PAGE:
A lack of consistent testing policies, outdated U.S. Department of Agriculture regulation and rules, and problems with banking were some of the issues behind the urgent tone at a recent Oregon hemp farmer roundtable discussion hosted by U.S. Sen. Ron Wyden at the University of Oregon Downtown Innovation Hub.
Farmers sat alongside industry lobbyists, scientists, professors, designers, producers and Oregon Department of Agriculture officials, expressing their concerns for the future of the industrial hemp business and crop. Despite the uncertainty, Wyden said the level of commitment from industry professionals makes Oregon the perfect state to lead the industry.
“We’ve got it all right around this table,” the Oregon Democrat said during the early July roundtable. “We’ve got essentially the modern leadership to tap the incredible potential for hemp growth in Oregon. And Oregon, as is our tradition, can be a trailblazer with addressing these issues.”
Need for clear regulations, testing
In 2018, Wyden led the charge to legalize hemp with legislation in the 2018 Farm Bill. Wyden’s work alongside Republican Senate Majority Leader Mitch McConnell made it possible for the Hemp Farming Act of 2018 to become a bipartisan piece of legislation included in the final bill that passed in December.
The bill defined hemp as an agricultural commodity and ultimately removed it from the controlled substance list. The legislation allows for interstate commerce and crop insurance. States are federally required to regulate and inspect hemp farms, but the act gives them the ability to be the primary regulators of hemp production.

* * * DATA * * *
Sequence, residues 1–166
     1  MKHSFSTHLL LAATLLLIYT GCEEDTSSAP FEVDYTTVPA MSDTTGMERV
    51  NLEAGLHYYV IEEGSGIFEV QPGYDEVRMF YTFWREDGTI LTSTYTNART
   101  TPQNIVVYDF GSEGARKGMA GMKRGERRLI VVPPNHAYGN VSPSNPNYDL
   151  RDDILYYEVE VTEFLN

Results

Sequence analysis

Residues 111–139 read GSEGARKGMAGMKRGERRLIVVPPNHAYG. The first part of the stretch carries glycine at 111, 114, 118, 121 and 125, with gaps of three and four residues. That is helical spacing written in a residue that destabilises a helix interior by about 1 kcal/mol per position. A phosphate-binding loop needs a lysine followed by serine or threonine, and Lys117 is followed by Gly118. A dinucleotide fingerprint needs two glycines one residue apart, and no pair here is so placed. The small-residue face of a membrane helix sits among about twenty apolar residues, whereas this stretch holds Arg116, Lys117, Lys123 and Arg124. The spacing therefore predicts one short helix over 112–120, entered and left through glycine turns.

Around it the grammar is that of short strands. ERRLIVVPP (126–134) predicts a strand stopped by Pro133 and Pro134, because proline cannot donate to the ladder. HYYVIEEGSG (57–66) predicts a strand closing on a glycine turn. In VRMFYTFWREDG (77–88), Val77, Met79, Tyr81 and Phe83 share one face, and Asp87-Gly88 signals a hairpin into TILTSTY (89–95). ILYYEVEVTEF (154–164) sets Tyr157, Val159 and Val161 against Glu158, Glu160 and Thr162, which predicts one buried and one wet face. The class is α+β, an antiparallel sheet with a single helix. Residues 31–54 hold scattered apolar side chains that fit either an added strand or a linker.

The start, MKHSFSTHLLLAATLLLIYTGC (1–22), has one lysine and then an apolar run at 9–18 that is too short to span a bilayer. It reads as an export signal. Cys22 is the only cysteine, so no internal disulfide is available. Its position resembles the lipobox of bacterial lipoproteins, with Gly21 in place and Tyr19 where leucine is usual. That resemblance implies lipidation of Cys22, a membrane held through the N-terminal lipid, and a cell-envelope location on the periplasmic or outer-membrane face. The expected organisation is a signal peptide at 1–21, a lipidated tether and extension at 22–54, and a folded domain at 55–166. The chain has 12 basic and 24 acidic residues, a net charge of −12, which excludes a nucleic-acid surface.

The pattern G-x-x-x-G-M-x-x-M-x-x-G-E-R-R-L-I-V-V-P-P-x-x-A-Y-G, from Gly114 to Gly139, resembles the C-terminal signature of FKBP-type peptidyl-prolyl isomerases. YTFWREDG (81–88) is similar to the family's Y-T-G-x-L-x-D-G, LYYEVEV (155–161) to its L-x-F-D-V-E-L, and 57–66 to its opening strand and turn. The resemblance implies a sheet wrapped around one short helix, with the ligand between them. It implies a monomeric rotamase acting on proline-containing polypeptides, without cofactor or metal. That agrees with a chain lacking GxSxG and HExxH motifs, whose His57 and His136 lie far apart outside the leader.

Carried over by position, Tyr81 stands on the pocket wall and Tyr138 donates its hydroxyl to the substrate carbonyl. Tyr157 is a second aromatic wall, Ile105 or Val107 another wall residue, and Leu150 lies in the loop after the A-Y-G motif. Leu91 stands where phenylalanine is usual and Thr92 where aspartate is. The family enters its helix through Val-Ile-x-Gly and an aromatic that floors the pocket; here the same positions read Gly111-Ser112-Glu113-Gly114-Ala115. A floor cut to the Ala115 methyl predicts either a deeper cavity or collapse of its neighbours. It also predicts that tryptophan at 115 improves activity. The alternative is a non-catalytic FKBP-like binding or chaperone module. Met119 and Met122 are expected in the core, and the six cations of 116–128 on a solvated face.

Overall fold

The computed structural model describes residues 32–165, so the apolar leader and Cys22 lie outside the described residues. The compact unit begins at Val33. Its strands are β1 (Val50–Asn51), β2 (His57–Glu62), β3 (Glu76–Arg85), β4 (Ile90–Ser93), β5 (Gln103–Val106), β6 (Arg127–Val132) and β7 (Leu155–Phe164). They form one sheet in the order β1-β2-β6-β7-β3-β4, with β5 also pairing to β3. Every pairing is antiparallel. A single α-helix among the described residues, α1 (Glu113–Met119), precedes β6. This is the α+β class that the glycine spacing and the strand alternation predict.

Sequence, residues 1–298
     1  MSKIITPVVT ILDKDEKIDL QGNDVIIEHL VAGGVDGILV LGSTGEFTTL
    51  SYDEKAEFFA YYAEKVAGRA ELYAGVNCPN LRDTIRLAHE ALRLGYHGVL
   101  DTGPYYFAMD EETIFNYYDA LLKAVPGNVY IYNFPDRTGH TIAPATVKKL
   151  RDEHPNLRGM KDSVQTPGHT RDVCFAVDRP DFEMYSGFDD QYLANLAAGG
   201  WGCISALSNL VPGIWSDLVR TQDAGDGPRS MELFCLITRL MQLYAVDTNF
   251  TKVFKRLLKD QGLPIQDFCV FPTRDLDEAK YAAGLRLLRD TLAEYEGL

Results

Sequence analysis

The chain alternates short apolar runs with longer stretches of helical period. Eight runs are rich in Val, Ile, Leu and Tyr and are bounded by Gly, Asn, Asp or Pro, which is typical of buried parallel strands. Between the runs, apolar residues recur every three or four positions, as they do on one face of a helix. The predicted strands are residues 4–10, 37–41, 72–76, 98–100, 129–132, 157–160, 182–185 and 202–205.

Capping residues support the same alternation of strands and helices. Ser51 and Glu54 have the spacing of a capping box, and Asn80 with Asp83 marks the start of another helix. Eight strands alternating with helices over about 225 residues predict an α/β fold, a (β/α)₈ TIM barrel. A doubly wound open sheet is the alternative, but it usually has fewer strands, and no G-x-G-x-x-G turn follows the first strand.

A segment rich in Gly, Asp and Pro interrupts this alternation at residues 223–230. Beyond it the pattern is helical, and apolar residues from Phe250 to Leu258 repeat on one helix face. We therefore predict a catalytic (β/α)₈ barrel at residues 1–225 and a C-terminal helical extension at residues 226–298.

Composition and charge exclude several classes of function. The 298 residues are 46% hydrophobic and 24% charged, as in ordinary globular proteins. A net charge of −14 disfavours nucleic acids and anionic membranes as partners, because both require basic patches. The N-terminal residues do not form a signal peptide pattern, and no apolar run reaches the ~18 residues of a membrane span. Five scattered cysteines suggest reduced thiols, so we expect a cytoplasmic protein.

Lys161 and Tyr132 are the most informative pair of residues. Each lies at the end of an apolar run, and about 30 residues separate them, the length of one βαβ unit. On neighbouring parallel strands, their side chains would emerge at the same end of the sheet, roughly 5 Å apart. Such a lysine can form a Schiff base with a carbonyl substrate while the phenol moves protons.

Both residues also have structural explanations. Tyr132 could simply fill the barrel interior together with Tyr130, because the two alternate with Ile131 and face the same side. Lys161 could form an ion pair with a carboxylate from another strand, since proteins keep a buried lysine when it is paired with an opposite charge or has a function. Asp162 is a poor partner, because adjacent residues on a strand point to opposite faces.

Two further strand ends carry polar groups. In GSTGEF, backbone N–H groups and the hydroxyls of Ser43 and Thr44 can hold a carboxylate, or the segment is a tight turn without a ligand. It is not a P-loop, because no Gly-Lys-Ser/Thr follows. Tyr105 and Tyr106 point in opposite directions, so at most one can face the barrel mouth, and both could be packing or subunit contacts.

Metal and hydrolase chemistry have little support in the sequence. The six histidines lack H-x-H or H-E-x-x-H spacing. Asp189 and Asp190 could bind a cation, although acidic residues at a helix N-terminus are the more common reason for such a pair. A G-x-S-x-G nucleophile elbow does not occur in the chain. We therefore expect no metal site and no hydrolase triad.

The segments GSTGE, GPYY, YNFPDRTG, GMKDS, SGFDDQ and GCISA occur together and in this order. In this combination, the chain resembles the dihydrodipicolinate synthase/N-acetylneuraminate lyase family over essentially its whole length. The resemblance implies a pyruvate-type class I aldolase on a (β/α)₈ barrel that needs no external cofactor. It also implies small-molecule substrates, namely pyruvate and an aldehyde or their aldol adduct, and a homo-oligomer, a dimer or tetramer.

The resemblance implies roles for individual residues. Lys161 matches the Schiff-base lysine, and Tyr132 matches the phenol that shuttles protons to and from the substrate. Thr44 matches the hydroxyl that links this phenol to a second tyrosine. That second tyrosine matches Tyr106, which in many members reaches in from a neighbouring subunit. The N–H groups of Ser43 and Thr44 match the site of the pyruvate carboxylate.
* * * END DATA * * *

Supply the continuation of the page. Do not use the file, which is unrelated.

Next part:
Because hemp is now labeled as an agricultural commodity, the USDA is in charge of regulating it instead of the U.S. Department of Justice. Unfortunately, the USDA and the U.S. Food and Drug Administration have not issued updated policies and regulations hemp industry professionals need. These regulations would determine testing and production specifications the industry abides by. Without them, farmers risk losing thousands of dollars because their current crops may not be in compliance.
The lack of industry standards is what Liz Gale, farmer and owner of Living Harvest Farm LLC in Dallas, Ore., said made the roundtable meeting extremely important because farmers need to know what’s going on.
“Things change all the time,” Gale said. “The plants that I have in the ground right now, what’s all decided around these tables, is going to determine whether I can sell it or not at the end of the year.”
Gale said she’s grown medicinal and recreational crops in the past but hemp creates new opportunities. For Gale, a mother of two sons, hemp farming is a family business.
“If you can sustain your family, and generationally have family farms with hemp crops, that’s where I think hemp will change America,” she said.
Unfortunately, the industry needs to cut through red tape before it can change much of anything. A big part of the issue comes down to testing the plants and defining THC.
While marijuana and hemp are cannabis plants, hemp has a low THC concentration. THC, or delta-9-tetrahydrocannabinol, is the concentrated psychoactive chemical in marijuana that makes users feel high. The Oregon Department of Agriculture issued rules saying that hemp can’t contain more than 0.3% total THC.
Total THC is the sum of delta-9 THC and THCA, an acidic cannabinoid found in the cannabis plant. Different testing methods at different labs may impact how the substances are measured and reported. According to Sunny Summers, Cannabis Policy Coordinator for ODA, the language in the farm bill isn’t clear.
“Testing consistency is a big concern and struggle for the industry,” Summers said. “I want hemp to be hemp in Oregon, in Kentucky, or whatever state it was grown in. I want it to be the same.”
Sean Beeman, co-founder of Genesis Pharms, is concerned that with testing issues, the booming industry that is Oregon hemp will come to a halt by harvest time. Beeman is most concerned about the increase in growers with little to no experience.
“Every grower I know or meet, both cannabis and hemp, are just too excited lately,” Beeman said. “There are too many people who think they can use their ag experience to make money. The reality is, just because you can farm corn, doesn’t mean you can farm hemp.”